In case you missed it, we launched the world’s first basic income pilot for people living in the rainforest last week.
We received an incredible response to this news. So much so that we wanted to address some of the brilliant questions that you sent our way. Let’s get stuck in.
1- What do people in the rainforest spend the money from Cool Earth on?
The quick answer is that Indigenous peoples use the money to cover their most urgent needs, such as food, medicine or to help their community.
However, ahead of the first transfer, we spent many months consulting with individuals, community leaders and our partner Indigenous-led organisations, ONAMIAP and OMIAASEC, to make sure this pilot responded to their needs and fitted their vision.
The results gave us great insights on the challenges people face. 82% answered that any income they earn is spent on buying food.
Deforestation, biodiversity loss and climate change exacerbate impacts on Indigenous food systems which were already negatively impacted by pressures like urbanisation and pollution from extractive industries. Indigenous peoples’ food insecurity ranks among the highest in the world. This pilot could have extraordinary impacts on access to healthy food, and ultimately, food sovereignty.
2- Are there any conditions attached to how the money should be spent?
Unlike payments for ecosystem services or other traditional cash transfer models, there are no conditions attached to these payments.
In a diverse and challenging place like the Amazon rainforest, only the people who live there know what’s best for them, not people thousands of miles away. They need autonomy and the power to make their own decisions on their very specific needs and unique circumstances. Only then will they have agency over their own development and the future of their rainforest lands.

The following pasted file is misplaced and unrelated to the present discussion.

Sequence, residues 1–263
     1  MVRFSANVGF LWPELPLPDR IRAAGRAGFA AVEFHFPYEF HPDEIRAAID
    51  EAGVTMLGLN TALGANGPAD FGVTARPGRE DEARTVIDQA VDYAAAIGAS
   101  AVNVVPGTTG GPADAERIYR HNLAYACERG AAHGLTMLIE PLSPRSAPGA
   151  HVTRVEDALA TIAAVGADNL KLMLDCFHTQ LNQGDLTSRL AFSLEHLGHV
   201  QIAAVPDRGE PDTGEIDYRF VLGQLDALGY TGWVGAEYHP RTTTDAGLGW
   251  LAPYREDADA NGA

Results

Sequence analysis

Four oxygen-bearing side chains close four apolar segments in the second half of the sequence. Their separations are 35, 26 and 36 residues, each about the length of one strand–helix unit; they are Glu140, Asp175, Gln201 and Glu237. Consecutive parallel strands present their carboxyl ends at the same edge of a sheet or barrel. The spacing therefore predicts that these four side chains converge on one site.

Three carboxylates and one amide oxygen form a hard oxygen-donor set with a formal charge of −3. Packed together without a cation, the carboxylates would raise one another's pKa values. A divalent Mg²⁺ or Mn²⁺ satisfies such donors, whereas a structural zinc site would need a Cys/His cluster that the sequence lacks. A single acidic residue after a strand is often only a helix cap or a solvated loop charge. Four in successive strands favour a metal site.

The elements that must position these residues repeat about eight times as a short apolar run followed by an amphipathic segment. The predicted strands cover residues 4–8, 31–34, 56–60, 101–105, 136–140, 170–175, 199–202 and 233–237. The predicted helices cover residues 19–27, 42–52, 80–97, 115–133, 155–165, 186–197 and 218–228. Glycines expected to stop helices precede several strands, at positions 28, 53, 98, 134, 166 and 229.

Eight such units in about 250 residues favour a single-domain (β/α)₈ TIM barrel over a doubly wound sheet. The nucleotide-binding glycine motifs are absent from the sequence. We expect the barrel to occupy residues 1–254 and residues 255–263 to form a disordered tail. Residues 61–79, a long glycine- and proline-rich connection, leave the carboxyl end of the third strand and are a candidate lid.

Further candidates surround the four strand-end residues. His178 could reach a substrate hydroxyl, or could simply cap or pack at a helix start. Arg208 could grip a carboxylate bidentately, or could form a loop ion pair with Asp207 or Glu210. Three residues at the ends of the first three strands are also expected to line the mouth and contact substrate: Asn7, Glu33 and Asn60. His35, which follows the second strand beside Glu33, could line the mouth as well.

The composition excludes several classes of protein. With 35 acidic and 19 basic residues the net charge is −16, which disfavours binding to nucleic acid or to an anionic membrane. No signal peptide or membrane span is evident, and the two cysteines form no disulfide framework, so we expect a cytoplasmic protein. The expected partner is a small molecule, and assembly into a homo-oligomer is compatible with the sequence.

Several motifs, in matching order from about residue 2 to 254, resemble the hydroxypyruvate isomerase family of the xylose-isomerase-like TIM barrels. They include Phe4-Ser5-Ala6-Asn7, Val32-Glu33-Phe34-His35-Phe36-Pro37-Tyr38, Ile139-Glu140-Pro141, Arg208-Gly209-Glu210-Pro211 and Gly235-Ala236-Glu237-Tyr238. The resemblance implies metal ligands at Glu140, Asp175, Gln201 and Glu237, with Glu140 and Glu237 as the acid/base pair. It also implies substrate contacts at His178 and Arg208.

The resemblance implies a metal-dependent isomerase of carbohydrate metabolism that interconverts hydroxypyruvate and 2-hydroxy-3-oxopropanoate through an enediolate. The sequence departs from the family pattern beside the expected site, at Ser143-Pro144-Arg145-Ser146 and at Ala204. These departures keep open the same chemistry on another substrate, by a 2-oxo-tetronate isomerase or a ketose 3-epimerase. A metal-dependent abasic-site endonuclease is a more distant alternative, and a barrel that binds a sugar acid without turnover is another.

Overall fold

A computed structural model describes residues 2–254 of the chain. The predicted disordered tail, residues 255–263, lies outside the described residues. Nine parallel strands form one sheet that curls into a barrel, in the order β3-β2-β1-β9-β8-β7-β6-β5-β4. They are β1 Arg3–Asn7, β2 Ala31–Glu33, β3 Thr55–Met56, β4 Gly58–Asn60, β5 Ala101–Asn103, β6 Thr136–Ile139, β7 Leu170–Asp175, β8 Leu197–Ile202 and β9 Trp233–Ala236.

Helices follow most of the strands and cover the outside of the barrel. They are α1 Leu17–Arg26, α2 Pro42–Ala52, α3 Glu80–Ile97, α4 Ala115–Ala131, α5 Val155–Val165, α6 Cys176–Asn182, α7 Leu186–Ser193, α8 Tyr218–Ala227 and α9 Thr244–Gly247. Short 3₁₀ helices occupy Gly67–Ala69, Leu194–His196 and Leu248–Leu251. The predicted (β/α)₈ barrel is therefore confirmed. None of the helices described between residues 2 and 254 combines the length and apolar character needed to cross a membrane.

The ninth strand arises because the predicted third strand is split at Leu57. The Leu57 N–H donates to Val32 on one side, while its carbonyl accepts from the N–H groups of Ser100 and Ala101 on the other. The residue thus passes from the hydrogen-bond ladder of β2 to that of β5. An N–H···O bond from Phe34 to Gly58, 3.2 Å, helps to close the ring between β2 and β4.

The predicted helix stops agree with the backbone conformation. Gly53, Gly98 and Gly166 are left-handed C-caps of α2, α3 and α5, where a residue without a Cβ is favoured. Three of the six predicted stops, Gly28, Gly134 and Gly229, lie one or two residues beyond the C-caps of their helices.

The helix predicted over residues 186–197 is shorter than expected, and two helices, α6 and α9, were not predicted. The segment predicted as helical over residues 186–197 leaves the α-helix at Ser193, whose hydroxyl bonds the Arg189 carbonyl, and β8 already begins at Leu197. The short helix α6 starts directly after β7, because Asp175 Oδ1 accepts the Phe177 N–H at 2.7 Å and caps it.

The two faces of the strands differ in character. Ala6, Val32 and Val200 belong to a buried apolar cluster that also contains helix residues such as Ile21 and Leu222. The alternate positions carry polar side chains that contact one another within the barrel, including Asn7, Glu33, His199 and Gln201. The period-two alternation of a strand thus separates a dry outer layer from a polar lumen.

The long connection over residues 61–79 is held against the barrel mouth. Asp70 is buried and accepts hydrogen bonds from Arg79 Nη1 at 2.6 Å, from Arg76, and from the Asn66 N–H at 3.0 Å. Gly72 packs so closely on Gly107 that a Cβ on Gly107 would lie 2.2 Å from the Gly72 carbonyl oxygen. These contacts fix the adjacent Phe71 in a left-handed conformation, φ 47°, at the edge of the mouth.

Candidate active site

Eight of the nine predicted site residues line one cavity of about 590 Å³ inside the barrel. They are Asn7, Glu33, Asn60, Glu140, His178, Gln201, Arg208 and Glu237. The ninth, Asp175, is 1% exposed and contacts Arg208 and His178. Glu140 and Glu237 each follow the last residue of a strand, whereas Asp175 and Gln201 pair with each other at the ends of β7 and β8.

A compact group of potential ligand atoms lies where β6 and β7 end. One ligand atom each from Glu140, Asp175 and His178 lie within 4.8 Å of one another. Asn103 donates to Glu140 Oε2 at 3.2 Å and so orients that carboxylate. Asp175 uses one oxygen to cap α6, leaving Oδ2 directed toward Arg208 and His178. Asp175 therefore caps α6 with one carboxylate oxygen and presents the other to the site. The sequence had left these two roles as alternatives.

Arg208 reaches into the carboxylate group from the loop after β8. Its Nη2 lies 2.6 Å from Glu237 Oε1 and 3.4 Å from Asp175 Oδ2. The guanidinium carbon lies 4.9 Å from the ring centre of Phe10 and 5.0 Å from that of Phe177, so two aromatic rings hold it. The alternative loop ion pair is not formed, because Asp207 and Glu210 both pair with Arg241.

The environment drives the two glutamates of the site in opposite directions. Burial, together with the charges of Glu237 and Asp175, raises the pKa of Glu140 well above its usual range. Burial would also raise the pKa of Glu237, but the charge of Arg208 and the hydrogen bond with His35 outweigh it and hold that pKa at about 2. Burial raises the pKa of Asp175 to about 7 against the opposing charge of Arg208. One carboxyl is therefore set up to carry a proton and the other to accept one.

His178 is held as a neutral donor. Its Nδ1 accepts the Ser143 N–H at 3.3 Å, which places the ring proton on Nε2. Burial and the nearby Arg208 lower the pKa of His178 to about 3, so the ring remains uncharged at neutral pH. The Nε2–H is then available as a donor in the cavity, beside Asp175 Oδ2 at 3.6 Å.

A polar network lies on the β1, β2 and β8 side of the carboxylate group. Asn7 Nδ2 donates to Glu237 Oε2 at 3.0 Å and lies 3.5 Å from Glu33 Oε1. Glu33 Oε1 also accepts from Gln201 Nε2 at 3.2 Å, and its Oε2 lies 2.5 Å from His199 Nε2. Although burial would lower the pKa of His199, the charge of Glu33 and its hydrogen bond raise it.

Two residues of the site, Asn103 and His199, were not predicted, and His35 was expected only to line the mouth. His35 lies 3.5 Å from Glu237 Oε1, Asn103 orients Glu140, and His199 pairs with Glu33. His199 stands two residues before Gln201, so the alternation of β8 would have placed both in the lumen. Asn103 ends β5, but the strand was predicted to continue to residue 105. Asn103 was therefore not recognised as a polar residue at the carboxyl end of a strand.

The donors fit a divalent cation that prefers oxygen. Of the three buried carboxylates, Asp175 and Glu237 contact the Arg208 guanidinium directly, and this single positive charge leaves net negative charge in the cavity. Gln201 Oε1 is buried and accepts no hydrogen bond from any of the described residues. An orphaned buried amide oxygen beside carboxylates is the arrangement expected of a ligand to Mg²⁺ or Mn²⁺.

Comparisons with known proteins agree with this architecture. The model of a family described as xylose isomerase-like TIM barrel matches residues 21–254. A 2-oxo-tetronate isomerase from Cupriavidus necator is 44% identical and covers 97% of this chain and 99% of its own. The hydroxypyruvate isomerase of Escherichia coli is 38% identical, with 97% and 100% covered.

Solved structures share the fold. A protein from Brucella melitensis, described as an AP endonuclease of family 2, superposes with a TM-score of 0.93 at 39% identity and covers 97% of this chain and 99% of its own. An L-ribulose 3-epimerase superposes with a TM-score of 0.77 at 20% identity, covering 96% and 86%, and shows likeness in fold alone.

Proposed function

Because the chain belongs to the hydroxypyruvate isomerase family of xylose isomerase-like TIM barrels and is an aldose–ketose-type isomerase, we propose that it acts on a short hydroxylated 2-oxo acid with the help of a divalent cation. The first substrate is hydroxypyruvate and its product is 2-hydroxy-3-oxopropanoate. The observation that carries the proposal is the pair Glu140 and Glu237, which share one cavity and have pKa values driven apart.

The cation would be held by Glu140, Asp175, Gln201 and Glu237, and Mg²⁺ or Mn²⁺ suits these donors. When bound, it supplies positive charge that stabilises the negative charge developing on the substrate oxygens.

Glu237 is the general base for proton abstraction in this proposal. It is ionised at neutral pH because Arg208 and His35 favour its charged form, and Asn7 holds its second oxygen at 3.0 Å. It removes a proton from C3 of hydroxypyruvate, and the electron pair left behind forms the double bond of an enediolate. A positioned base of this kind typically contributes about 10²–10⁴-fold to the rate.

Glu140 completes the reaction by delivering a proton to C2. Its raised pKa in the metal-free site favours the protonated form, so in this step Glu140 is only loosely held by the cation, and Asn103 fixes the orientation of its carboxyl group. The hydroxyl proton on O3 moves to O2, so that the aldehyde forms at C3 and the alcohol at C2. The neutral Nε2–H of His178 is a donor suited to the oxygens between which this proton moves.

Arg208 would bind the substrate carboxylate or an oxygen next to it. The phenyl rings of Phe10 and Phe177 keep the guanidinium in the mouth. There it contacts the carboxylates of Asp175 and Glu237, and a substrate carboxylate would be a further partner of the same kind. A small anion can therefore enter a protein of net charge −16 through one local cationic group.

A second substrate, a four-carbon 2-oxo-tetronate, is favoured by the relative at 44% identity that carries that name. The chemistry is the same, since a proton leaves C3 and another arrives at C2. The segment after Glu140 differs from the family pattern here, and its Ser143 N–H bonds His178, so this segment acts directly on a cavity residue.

It’s also cost effective. Monitoring conditions means that a lot of money is spent outside these communities and restricts their freedom. We are committed to ensuring that as much of your donation as possible goes directly to Indigenous peoples.
3- What are the risks of the pilot? What preventative measures are in place to ensure the success of the trial?
Risks are a part of any pilot. The best people to identify those are the people who live in the communities. Over the last few months, we’ve made it a priority to create safe spaces to openly discuss fears and risks.
The main risks identified by the communities are related to loss of community cohesion and practices, an increase in gender-based violence, a negative impact on family dynamics and an increase in alcoholism.
So how do we safeguard against these risks?
Communities and Indigenous organisations already have their own governance systems to respond to threats to their individual or collective rights. They, as much as us, don’t want this pilot to fail. We respect those processes and contribute our thoughts when we’re asked to, so that we all move forward in the same direction.
Right from the start, communities asked us to support them throughout this journey. It was never conceived in a way in which we transferred the money and disappeared. Regular workshops to address risks, new fears, and logistical issues have already been planned for the next two years, alongside trips and meetings to nurture relationships.
Finally, communication is key. Thanks to our tech partner, AidKit, we’ve established a direct line of communication with the communities through a support portal (think customer service – but a good one!). They can talk to us about anything whether it’s issues receiving payments, corruption, or negative impacts on community cohesion. This will activate a response which will be discussed with our partners ONAMIAP and OMIAASEC as well as with the leadership of the communities involved in the pilot.